restricted access Narrative Progression in the Short Story: First Steps in a Corpus Stylistic Approach
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Narrative Progression in the Short Story:
First Steps in a Corpus Stylistic Approach

Framing Assumptions: Prospection, Expectation, Response

I am interested in the putative textual signalings of narrative progression, and thereafter the reader expectations that these foster; I am trying to identify such signalings (or narrative prospection, as it is also called) with new research methods, namely those of corpus linguistics. Research of this kind, blending a literary interest with use of corpus tools, is coming to be known as corpus stylistics (or more narrowly, corpus narratology). For readers of this journal I assume that neither explaining nor justifying an interest in narrative progression is necessary, so I will discuss this relatively briefly. I will spend a little more time outlining what corpus stylistics entails and what its limitations are; and then I will share some ways in which I have tried to make it useful in the pursuit of my research interest, the textualization of narrative prospection.

Narrative prospection is itself only a stage in the experiential sequence of interest to me. I assume that the text's prospections cumulatively and serially guide the reader to expect the story currently being read to continue and terminate in one way rather than others (at the least, the prospections will foster probabilistic expectations). The ways in which the subsequent narrative text confirms or flouts [End Page 105] these expectations, I hypothesize, are the bases of powerful cognitive-emotive responses, which are central to the reader's experience of the story. So in attempting to identify the textual sources of expectation, I am trying to work back to the textual roots of the reader's experiential immersion in a story. Equally, I am trying the better to model and understand reading a short story as a process and not merely as something leading to a product. The process is a phased one in which textual cues create expectations which in turn evoke feelings now of fear, now of suspense, now of surprise, menace, grief, anger, and so on, together with thoughts of unfairness, or futility, or disproportionality, or marvellous good fortune—the whole gamut of possible thoughts and emotions that fill our minds and absorb our attention in the course of our reading of an engaging narrative.1 And the text, processed in sequence, is here regarded as the chief source, although not the only one, of the progression of emotional and cognitive responses that the reader has. Literary narratives are particularly powerful at causing the reader to feel immersed in a textual world, a world which seems increasingly interpretable and predictable as the text unfolds. This immersion is necessary for the accompanying emotional engagement that readers often allude to.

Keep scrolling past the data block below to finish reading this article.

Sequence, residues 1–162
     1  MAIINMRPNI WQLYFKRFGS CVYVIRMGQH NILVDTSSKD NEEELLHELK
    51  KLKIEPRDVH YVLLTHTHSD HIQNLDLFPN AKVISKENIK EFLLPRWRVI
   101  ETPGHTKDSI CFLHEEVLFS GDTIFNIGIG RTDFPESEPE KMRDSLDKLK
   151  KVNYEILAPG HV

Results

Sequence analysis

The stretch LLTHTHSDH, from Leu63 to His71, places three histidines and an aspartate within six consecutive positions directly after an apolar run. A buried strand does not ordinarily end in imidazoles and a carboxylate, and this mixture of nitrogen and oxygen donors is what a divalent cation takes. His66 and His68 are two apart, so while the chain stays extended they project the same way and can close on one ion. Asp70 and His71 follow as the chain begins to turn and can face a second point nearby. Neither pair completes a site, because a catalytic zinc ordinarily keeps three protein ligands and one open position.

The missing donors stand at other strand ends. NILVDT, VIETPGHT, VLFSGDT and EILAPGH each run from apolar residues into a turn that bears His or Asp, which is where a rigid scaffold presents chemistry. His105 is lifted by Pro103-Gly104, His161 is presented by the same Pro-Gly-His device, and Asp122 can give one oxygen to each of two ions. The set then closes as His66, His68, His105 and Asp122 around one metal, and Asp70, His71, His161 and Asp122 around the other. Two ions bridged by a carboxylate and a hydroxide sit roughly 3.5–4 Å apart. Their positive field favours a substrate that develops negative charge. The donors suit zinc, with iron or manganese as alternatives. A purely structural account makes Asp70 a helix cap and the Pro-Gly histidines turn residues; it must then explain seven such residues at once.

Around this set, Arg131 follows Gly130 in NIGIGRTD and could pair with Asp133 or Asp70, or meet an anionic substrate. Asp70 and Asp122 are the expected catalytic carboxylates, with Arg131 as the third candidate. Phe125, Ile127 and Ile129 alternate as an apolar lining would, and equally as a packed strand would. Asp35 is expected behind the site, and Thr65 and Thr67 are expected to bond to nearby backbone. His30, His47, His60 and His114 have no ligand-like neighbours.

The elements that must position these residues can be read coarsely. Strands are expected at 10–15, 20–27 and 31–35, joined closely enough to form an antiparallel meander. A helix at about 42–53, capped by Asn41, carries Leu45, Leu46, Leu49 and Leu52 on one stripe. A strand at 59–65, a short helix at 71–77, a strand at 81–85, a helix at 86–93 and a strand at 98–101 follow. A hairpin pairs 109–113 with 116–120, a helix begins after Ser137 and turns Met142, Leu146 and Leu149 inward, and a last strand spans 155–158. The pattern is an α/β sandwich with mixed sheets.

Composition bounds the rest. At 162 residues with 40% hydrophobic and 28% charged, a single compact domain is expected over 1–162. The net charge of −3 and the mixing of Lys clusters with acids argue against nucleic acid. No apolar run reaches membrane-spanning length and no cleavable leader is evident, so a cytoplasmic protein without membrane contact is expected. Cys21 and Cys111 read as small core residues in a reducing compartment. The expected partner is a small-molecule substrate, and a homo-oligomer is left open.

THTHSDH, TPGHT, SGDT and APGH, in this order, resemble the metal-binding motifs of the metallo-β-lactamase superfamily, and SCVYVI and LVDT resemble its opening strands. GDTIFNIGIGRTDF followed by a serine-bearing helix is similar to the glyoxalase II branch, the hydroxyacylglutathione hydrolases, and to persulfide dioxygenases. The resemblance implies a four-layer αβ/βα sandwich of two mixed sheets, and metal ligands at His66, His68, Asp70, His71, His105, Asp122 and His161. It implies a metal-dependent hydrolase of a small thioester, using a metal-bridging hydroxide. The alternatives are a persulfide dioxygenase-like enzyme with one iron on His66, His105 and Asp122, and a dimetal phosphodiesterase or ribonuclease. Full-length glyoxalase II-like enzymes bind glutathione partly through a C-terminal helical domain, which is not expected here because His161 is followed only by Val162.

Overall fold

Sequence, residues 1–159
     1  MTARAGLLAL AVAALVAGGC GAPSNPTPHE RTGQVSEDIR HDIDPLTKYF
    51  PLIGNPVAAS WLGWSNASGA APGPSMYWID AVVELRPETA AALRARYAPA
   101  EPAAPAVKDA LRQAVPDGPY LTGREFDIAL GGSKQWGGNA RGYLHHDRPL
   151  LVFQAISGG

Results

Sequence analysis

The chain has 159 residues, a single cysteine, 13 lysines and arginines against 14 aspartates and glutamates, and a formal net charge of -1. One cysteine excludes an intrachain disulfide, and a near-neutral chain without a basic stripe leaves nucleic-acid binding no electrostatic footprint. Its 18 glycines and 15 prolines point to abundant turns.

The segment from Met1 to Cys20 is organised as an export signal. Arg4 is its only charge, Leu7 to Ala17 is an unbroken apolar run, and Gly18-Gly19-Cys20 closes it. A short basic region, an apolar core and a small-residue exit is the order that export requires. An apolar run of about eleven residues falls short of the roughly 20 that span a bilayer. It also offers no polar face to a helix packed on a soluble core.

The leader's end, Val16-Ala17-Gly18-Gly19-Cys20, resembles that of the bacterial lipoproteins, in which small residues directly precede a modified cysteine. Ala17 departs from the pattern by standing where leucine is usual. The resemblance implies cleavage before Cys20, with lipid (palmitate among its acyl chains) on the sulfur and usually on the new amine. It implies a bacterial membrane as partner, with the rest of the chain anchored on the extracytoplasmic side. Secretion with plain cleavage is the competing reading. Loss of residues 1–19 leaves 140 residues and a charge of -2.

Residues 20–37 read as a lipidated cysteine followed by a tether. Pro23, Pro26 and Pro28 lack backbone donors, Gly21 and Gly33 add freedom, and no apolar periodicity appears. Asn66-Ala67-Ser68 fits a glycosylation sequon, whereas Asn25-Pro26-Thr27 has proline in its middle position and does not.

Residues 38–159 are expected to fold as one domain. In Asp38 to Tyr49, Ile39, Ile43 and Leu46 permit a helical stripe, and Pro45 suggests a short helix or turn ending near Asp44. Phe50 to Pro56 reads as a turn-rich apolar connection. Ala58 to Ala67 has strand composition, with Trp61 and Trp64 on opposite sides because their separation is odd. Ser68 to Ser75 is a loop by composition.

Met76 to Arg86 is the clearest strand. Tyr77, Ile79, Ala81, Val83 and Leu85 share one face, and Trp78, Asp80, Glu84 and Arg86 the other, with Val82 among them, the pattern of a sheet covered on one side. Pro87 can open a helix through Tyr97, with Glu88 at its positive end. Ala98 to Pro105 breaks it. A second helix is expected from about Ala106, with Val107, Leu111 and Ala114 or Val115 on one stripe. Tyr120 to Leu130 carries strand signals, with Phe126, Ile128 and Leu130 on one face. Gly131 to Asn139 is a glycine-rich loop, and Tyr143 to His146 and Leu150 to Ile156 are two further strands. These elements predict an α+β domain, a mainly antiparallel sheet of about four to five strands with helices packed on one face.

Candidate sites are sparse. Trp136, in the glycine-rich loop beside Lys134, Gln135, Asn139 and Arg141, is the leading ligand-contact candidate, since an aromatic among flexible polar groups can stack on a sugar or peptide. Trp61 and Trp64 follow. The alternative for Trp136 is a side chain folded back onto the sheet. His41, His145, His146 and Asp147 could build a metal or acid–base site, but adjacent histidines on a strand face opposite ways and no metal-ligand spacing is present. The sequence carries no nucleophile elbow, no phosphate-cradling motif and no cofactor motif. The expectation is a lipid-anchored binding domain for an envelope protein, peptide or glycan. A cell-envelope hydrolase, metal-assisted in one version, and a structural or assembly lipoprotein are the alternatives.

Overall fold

The methods I use here can be called corpus stylistic, but the latter is so nascent a subfield of corpus linguistics that the designation is presumptuous. Corpus linguistics itself, however, is well established. It involves the rapid searching and sorting of electronic versions of texts or language samples, often assessed comparatively against an appropriate reference corpus, e.g., a large computer-searchable gathering of texts. Some versions of corpus analysis emphasize quantitative factors, and these can be important because of the unprecedentedly large data-sample on which the analyst's findings are based (Biber "Variation"; Biber et al.; Short and Semino; Hoover "Language"); in other uses, there is more interest in the ways that corpus analysis can underpin changes in our theories of text and language (and perhaps of style), with particular emphasis on the collocational properties of language (Sinclair "Corpus," "Trust"; Hunston and Francis; Louw "Irony"; Wray; Stubbs "Words and Phrases," "Conrad," "Corpus analysis"; Hoey "Lexical Priming"). A growing number of scholars are now working on corpus-informed analyses of literary texts, and their work is of particular relevance to the present study (Carter; Hori; Herman; Yevseyev; Dillon "Corpus," "Genres"; Mahlberg; Watson and Zyngier; Moon; and Hoover, Culpeper and Louw [forthcoming in 2008]).

Given an interest in prospection and expectation, can the rapid searching and sorting of word-forms and phrases enabled by corpus analysis, together with the theoretical commitments of corpus linguistics (collocation, phraseology, lexical priming), contribute to our understanding of the texture and structure of short...